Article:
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8.7: Chapter Summary and Key Terms

  • Page ID
    163754
  • Chapter Summary

    In a gravimetric analysis, a measurement of mass or a change in mass provides quantitative information about the analyte. The most common form of gravimetry uses a precipitation reaction to generate a product whose mass is proportional to the amount of analyte. In many cases the precipitate includes the analyte; however, an indirect analysis in which the analyte causes the precipitation of another compound also is possible. Precipitation gravimetric procedures must be carefully controlled to produce precipitates that are easy to filter, free from impurities, and of known stoichiometry.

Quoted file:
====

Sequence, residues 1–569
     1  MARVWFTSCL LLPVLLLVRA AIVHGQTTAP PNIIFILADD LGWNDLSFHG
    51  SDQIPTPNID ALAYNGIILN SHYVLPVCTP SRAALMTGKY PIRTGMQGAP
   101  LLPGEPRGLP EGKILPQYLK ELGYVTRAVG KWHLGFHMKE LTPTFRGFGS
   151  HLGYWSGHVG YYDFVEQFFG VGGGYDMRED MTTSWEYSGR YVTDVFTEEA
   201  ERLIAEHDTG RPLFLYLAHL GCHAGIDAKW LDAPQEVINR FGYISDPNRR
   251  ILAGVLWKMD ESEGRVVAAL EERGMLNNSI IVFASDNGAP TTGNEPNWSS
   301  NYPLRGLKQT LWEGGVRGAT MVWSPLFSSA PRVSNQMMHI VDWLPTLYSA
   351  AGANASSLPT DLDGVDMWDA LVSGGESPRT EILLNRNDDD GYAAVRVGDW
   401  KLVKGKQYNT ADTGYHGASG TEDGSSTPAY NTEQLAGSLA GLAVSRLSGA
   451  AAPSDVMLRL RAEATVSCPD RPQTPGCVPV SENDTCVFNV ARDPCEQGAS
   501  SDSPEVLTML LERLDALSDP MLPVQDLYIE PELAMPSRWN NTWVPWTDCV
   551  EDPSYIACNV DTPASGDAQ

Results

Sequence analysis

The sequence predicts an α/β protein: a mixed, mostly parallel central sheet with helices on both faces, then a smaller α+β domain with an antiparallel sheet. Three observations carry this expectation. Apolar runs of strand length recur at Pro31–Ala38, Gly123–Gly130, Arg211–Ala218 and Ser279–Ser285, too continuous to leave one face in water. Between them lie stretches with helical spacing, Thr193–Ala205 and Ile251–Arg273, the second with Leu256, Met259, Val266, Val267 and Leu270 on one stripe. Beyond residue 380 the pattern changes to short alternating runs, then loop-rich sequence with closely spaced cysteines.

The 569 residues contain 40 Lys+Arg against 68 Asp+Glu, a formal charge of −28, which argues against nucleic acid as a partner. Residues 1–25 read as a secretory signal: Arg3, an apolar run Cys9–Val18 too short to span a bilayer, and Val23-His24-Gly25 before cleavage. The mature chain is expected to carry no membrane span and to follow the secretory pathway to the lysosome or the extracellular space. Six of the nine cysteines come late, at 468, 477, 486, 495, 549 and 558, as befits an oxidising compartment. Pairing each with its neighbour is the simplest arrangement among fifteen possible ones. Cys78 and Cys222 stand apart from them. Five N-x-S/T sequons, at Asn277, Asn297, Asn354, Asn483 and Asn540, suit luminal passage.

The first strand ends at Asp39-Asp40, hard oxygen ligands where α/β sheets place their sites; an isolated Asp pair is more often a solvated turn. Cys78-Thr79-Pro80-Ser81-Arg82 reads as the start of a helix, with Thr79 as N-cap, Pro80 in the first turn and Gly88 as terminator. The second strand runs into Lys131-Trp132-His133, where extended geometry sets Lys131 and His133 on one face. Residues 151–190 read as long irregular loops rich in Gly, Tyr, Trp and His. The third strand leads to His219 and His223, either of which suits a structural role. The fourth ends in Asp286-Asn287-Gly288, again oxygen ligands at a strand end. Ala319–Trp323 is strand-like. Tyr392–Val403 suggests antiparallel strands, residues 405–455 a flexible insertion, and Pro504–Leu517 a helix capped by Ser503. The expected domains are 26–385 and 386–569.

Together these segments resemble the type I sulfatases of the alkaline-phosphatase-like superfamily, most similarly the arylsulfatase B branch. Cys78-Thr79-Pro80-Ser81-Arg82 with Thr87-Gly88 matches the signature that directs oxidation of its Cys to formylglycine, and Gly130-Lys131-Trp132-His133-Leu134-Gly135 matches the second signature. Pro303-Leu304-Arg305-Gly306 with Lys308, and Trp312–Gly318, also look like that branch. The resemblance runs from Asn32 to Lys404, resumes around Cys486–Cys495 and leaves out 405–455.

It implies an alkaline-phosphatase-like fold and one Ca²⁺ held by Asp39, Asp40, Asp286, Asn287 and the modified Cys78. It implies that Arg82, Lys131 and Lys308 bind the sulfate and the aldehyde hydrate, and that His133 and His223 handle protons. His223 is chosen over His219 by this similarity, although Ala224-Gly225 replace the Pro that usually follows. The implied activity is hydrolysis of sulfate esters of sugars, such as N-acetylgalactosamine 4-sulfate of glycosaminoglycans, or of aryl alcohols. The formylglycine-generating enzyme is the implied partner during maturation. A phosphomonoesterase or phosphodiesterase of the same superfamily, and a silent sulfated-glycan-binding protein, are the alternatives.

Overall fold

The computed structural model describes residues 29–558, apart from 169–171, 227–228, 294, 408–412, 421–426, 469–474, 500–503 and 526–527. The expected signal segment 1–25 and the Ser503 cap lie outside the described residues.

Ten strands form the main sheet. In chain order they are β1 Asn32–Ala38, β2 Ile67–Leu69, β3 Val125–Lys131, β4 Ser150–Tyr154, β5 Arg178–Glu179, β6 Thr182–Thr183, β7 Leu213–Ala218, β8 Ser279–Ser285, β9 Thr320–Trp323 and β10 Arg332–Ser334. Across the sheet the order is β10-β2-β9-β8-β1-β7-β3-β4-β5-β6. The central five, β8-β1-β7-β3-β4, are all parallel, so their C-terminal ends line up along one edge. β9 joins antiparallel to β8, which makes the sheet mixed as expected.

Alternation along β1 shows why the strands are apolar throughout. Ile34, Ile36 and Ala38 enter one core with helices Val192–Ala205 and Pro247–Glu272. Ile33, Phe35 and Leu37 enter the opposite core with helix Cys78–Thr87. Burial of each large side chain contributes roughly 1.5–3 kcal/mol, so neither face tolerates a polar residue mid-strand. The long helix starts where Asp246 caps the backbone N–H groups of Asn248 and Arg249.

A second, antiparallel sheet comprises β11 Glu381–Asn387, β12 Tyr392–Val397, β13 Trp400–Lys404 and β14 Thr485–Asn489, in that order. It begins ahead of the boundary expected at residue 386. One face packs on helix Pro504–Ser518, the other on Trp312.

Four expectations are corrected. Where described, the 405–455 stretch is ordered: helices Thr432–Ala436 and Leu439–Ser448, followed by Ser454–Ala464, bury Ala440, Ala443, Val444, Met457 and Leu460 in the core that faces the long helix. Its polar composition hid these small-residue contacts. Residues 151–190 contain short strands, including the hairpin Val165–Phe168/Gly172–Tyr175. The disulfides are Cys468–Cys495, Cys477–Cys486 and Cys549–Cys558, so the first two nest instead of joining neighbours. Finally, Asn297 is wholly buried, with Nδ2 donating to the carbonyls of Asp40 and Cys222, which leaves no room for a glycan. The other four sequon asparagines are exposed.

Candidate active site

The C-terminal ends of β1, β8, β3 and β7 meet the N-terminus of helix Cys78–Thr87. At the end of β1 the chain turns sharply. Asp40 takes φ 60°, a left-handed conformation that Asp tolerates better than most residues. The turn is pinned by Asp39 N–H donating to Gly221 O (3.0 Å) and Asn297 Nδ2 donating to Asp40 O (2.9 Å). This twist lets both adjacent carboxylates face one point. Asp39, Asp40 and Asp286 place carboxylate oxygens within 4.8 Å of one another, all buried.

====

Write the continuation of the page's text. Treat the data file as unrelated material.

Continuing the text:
In volatilization gravimetry, thermal or chemical energy decomposes the sample containing the analyte. The mass of residue that remains after decomposition, the mass of volatile products collected using a suitable trap, or a change in mass due to the loss of volatile material are all gravimetric measurements.

    When the analyte is already present in a particulate form that is easy to separate from its matrix, then a particulate gravimetric analysis is feasible. Examples include the determination of dissolved solids and the determination of fat in foods.

    Key Terms

    coagulation

    definitive technique

    electrogravimetry

    ignition

    occlusion

    precipitant
    relative supersaturation

    surface adsorbate

    volatilization gravimetry

    conservation of mass

    digestion

    gravimetry

    inclusion

    particulate gravimetry

    precipitation gravimetry

    reprecipitation

    thermogram

    coprecipitate

    direct analysis

    homogeneous precipitation

    indirect analysis

    peptization

    quartz crystal microbalance

    supernatant

    thermogravimetry